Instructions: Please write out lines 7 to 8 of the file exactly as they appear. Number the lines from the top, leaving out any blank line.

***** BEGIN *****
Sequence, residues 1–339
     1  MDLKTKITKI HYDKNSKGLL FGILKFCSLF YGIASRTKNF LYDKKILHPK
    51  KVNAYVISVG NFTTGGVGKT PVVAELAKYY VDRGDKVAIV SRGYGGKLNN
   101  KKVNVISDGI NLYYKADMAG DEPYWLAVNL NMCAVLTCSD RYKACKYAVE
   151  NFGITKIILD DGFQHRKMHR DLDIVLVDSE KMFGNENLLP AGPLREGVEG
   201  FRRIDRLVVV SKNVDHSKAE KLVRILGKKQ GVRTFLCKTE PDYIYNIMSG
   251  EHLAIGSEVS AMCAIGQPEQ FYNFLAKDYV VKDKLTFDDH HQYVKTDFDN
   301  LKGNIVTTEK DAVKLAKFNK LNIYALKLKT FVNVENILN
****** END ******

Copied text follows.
   251  EHLAIGSEVS AMCAIGQPEQ FYNFLAKDYV VKDKLTFDDH HQYVKTDFDN
   301  LKGNIVTTEK DAVKLAKFNK LNIYALKLKT FVNVENILN